IBM's main problem was data center sprawl. Five years ago, internal IT staff could barely keep up with growing demand for computing resources from employees, causing an expansion from one data center location to four--a situation that was costly and inefficient.
Now, those four data centers have been consolidated into a single spot with the latest in energy-efficient tech gear, including a network of 200 sensors and water-cooled servers. It also uses what are considered the best practices for physically laying out a data center, with close attention to everything from cabling to air flow.
Making data centers more energy efficient has been a growing priority for technology managers for the past few years, as companies seek to trim spending on electricity and reduce their environmental footprint. The Environmental Protection Agency in 2007 estimated that data centers alone use about 1.5 percent of all electricity in the U.S. and are on a pace to double consumption in the coming years. In IBM's case, it deals with high volumes--its wikis are used by 365,000 people--and a growing number of applications.
IBM's tech staff did what many others in their position have done: they consolidated their computing workload with virtualization and upgraded to new, more energy-efficient hardware.
But packing more servers--each with multicore processors--into smaller spaces creates more heat, exacerbating the challenge of keeping the space cool. IBM is using a number of techniques to cool efficiently, but the guiding principle is to match the cooling with the required heating load.
"You have to physically integrate the IT and physical (cooling) equipment so you can adjust the air conditioning to match the thermal load--the system should be very dynamic," said Peter Guasti, program director for IBM's Green Innovations Data Center.
Just office buildings or hotels heat or cool rooms even when there are no people in them, many data centers operators don't have fine-grained control over cooling systems. That means the temperature can be set lower than it needs to be or a "hot spot" emerges when one piece of equipment has a heavy computing load.
Combining IT and building architecture
To keep the air conditioning well tuned, IBM is gathering lots of data. Sensors are placed behind, in front of, and top of server and storage racks to monitor the temperature. The data is collected and analyzed so that the air and water cooling systems can be automatically adjusted as needed, Guasti explained.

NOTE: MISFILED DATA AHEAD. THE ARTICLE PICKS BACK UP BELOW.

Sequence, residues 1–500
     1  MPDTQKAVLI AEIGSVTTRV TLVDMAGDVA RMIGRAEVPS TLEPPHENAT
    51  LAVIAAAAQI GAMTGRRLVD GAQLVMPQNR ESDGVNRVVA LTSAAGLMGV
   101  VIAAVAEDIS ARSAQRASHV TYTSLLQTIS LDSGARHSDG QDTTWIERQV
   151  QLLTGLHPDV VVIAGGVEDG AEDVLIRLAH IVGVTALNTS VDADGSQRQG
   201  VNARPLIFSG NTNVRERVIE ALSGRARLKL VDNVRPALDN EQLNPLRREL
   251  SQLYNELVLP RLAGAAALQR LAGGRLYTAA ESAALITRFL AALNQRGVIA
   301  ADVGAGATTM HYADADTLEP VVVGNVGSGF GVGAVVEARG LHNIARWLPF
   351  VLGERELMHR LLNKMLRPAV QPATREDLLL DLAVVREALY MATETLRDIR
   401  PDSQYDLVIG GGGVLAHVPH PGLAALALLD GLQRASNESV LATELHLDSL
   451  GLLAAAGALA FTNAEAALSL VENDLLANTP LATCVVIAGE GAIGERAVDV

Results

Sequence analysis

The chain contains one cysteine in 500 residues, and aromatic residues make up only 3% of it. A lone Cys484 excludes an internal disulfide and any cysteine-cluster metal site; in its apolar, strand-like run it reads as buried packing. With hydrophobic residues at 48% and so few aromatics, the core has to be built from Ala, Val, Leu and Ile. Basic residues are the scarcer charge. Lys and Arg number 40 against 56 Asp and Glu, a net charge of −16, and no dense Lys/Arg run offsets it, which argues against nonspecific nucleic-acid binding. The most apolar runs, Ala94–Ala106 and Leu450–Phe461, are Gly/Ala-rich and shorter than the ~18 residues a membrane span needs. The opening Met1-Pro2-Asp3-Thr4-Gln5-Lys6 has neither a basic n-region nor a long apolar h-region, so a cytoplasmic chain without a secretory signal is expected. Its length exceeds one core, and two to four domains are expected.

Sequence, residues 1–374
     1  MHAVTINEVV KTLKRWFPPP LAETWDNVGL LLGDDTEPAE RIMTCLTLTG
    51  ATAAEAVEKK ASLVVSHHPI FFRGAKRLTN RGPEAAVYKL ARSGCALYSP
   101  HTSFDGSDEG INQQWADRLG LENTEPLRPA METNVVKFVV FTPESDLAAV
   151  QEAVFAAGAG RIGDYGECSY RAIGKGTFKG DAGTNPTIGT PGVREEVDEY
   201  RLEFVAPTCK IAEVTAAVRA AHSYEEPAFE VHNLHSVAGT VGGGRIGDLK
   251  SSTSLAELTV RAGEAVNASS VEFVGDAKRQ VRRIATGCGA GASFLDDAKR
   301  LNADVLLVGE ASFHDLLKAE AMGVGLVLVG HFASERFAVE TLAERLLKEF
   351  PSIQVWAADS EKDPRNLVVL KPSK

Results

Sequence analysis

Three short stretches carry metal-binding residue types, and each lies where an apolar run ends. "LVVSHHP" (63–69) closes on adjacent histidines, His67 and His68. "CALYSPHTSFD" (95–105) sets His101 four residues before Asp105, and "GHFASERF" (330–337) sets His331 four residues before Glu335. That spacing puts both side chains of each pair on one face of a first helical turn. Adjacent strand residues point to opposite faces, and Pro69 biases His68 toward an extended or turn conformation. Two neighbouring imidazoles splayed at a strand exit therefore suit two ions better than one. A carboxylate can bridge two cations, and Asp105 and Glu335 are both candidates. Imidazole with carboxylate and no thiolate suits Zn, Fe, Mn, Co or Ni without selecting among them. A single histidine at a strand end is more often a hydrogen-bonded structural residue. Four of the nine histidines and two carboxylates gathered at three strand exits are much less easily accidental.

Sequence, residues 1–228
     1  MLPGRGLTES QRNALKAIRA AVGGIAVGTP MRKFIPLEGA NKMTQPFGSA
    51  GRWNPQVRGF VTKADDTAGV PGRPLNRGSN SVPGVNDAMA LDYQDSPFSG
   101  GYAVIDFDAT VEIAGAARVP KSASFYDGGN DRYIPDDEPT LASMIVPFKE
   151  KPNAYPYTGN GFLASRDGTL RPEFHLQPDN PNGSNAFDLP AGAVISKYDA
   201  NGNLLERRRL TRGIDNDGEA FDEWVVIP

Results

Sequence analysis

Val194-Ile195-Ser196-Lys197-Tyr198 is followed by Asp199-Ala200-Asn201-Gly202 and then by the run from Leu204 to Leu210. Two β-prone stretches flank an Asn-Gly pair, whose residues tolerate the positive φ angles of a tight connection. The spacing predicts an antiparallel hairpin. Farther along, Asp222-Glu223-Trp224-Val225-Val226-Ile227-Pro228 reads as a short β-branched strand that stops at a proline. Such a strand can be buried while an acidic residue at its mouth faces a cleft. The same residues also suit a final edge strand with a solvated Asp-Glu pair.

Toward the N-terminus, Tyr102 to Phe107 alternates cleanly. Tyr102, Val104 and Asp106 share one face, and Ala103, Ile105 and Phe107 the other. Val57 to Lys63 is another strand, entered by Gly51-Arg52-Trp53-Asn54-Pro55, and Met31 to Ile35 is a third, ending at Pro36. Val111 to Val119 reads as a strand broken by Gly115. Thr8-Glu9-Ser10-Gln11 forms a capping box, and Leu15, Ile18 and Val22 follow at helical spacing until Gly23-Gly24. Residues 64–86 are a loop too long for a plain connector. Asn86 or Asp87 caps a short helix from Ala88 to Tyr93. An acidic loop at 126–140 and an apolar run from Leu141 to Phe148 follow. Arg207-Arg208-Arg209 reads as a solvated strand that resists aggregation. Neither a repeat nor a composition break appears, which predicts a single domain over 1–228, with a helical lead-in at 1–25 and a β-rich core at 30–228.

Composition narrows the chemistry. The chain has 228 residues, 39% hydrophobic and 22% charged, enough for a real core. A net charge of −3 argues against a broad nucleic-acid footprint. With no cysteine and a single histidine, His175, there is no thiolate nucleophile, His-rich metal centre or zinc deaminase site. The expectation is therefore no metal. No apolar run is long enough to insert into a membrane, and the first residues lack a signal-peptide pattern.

Operators can get a "thermal map" of the data center based on the sensor data to help find trouble spots. They are also beta testing an upcoming version of IBM's Tivoli Energy Management software, which will be able to incorporate the sensor data into the systems management program.
"The bright idea is not so much putting the sensors in. It's what you do with the data--you get reams of information so you have to try to figure out what's important and not," Guasti said.
Air flows along a predetermined path with "cold aisles" pumping cooled air to the front of equipment from the floor and hot air behind server fans being sucked upward from the ceiling in "hot aisles."
To lighten the overall cooling load, IBM is using its Cool Blue liquid-cooling systems, which fit onto the back of server racks. These heat exchangers cool the hot air coming from servers' fans by circulating cold water through coils, which absorb the server heat and then are cooled using the building's chiller.
IBM is looking at a variety of other ways to lower energy consumption, including using solid-state hard drives and using outside air--filtered to clean out contaminants and humidity--to cool the building, Guasti said.
Saving green or green PR?
The Green Innovation Data Center was designed for tours so customers can get some ideas on how to lighten their own data centers' energy load. But it's not just for show--the center runs applications used by thousands of people.
And the investments IBM made in making the center more efficient are "very cost justified," said Patrick Toole, the company's newly named chief operating officer, in an interview. IBM as a company has wrung $3 billion in costs over the past year, which it plans to continue, he said.
But the company measures the "payback" from upgrading its data center not only with energy savings and environmental benefits. It's also measured in business process improvements, Toole said.
For example, the data center allows IBM to operate an internal "cloud computer." Employees can procure computing resources--server processing and storage space, for example--for a certain amount of time on a subscription basis. In the past, employees asked the IT group to install a server for each new application, which is less efficient than a shared-resources model.
Also, the influx of data on energy use lets data center managers better track related costs.
"The instrumentation we have with what is going on is so much more granular than before. We haven't had dashboards with regard to the green aspects before," Toole said. "Now we can see things like energy on a smartphone and we're able to manage that."
This article was originally posted on CNET News.